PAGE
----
Abdorrahman Boroumand Center

for Human Rights in Iran

Omid, a memorial in defense of human rights in Iran
One Person’s Story

Mohammad Ja'far Vosuqi


Age: 31
Nationality: Iran
Religion: Non-Believer
Civil Status: Married


Date of Killing: September 25, 1988
Location of Killing: Unknown
Mode of Killing: Unspecified execution method
Charges: Counter revolutionary opinion and/or speech

About this Case

The information about Mr. Mohammad Ja’far Vosuqi is based on an interview with his wife. His name is also mentioned in the list “Yadnameh”, published by the Fadaiyan Khalq Organization, Majority Branch (April 2002: Koln). Mr. Vosuqi is one victim of the 1988-89 mass execution of political prisoners in the Islamic Republic of Iran. The majority of the executed prisoners were members of the Mojahedin Khalq Organization. Other victims included members or sympathizers of Marxist-Leninist organizations, such as the Fedaiyan Khalq (Minority) and the Peykar Organization, which opposed the Islamic Republic, as well as the Tudeh Party and the Fedaiyan Khalq (Majority), which did not. Information about the mass executions has been gathered by the Boroumand Foundation from the memoir of Ayatollah Montazeri, reports of human rights organizations, interviews with victims’ families, and witnesses’ memoirs.

Mr. Vosuqi was born in Qazvin in 1957. He was graduated from the National University with a degree in biology; he worked as a specialist in a pharmaceutical company. He was married and a member of the Fadaiyan Khalq Organization (Majority). In a letter to the Office of the United Nations High Commissioner for Human Rights in Geneva, Switzerland, his wife, Fariba Kaviani, protested her husband’s execution.

The Fadaiyan Khalq Organization, a Marxist Leninist group, inspired by the Cuban Revolution and the urban guerilla movements of Latin America, was founded in 1971 by two communist groups opposed to the Pahlavi regime. Following the 1979 Revolution, the Organization, which had renounced armed struggle, split over their support of the Islamic Republic and of the Soviet Union. The Fadaiyan Khalq Majority considered the Islamic Republic as a revolutionary and anti-imperialist regime and supported it. After the spring of 1983, however, the Islamic Republic targeted its members solely because of their political beliefs.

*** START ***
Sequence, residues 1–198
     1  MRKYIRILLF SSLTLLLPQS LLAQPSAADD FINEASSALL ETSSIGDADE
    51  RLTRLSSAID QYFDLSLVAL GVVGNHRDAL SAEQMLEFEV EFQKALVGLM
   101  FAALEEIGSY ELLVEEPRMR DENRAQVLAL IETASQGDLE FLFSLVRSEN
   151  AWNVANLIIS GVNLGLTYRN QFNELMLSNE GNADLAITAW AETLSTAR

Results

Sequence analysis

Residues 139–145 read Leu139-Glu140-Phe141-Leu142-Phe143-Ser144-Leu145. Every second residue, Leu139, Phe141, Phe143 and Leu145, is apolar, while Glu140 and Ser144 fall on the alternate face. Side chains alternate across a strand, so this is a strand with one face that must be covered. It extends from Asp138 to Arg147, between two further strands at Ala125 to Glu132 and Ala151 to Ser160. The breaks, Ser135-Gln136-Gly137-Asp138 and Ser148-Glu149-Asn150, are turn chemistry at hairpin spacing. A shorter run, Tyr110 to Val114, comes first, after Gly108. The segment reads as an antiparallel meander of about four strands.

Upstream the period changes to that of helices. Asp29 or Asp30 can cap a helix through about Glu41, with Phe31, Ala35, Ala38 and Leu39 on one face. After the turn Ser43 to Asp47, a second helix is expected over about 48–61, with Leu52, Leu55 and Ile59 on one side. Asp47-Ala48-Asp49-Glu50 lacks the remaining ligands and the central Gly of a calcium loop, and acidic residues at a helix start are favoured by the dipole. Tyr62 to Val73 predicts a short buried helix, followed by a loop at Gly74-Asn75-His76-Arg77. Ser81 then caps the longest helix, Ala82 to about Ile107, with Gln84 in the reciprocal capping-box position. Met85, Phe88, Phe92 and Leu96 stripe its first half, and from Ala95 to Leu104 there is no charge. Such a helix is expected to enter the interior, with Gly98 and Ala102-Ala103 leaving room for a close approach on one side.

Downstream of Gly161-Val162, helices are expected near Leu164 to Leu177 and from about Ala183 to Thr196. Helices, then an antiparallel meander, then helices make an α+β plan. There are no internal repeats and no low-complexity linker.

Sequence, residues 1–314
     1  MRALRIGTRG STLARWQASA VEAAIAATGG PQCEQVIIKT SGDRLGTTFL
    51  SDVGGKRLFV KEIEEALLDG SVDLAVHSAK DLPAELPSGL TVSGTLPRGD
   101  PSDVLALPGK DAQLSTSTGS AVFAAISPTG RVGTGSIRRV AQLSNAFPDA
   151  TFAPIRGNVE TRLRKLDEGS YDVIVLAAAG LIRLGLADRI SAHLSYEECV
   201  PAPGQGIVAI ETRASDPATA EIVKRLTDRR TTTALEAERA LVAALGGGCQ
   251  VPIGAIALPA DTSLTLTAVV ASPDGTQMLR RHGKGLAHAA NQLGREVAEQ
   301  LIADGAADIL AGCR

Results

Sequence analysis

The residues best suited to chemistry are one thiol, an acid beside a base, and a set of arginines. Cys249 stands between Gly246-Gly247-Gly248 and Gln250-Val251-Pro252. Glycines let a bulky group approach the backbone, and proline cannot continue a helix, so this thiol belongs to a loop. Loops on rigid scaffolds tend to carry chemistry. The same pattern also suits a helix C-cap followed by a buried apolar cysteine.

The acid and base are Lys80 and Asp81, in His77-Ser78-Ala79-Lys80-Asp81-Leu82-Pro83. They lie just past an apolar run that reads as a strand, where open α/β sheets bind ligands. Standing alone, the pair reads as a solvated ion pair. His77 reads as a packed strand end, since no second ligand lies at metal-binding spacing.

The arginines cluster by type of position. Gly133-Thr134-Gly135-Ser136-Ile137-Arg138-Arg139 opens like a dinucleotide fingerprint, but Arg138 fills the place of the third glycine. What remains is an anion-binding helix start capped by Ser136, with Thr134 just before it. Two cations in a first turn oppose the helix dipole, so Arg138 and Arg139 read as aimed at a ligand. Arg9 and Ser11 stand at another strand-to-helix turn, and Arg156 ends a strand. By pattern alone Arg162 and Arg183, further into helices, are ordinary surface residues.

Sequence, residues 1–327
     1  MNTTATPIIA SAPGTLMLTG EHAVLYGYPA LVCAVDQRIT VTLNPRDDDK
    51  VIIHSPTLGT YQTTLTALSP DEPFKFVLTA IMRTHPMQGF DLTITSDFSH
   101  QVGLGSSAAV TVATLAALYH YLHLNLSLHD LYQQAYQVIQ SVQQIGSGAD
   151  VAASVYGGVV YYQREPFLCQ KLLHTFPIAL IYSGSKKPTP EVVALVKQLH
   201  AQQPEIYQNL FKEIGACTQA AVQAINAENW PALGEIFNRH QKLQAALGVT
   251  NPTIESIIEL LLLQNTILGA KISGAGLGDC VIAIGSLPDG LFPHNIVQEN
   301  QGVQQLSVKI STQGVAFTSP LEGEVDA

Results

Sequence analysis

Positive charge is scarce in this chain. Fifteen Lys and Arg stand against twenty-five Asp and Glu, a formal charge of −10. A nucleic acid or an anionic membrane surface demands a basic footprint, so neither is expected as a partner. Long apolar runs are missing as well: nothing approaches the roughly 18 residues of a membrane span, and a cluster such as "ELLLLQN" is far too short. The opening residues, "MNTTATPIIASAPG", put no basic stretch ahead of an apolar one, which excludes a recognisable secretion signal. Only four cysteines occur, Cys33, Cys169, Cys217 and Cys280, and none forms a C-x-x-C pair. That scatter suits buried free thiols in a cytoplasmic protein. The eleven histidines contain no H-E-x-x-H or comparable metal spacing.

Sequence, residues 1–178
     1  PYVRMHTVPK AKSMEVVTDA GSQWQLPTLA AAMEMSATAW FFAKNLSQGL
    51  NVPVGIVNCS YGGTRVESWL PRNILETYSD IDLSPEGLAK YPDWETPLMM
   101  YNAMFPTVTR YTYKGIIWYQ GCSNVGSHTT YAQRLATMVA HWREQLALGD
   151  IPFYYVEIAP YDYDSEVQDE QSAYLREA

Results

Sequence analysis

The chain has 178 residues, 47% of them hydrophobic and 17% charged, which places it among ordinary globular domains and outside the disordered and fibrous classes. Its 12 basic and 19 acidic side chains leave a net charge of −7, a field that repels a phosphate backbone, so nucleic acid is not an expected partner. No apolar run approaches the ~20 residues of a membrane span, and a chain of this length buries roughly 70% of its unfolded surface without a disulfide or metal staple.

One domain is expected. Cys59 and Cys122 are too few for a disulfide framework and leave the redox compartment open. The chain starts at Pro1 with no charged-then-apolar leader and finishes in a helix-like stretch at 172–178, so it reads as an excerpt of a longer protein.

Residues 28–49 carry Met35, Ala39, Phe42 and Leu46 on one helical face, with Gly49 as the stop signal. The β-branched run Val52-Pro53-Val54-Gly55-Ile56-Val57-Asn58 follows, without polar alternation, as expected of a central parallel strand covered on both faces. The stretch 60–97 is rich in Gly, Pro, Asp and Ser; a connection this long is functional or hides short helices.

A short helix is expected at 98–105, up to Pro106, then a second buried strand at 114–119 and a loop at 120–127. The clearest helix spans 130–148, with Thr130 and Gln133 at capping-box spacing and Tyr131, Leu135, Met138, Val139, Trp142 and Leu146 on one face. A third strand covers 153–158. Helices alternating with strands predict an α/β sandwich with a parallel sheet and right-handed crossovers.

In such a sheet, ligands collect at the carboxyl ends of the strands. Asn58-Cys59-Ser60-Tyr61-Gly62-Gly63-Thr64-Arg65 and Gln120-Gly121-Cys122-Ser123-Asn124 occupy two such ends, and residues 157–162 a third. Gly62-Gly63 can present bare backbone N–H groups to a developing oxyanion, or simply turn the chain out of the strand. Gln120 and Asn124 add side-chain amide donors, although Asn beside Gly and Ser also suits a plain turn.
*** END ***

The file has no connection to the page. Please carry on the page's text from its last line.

Arrest and detention

Mr. Vosuqi was arrested by plainclothes agents in his house in Tehran on July 11, 1987. The agents had a warrant signed by the Public Prosecution Office for Narcotics. Mr. Vosuqi’s wife, who was also arrested, explained the arrest circumstances as follows:

“Around midnight, some armed agents jumped over the walls and entered our house. They showed us a narcotics-related warrant. Our landlord, who lived next door, told them that he knows us and assured them that we are not related to narcotics. My sister’s name was written on the warrant instead of mine. I told them that it must be a mistake. They said, ‘it may be so, but you should come with us and after a few questions we will take you back.’ I had to leave my two-year-old son with the neighbors and got in their car along with my husband. They forced us to lay our heads on our legs and took us to a building that later on I realized was the Intelligence Committee building. In the parking lot, they blindfolded us, took us to the yard, and separated us. Then the interrogations began.”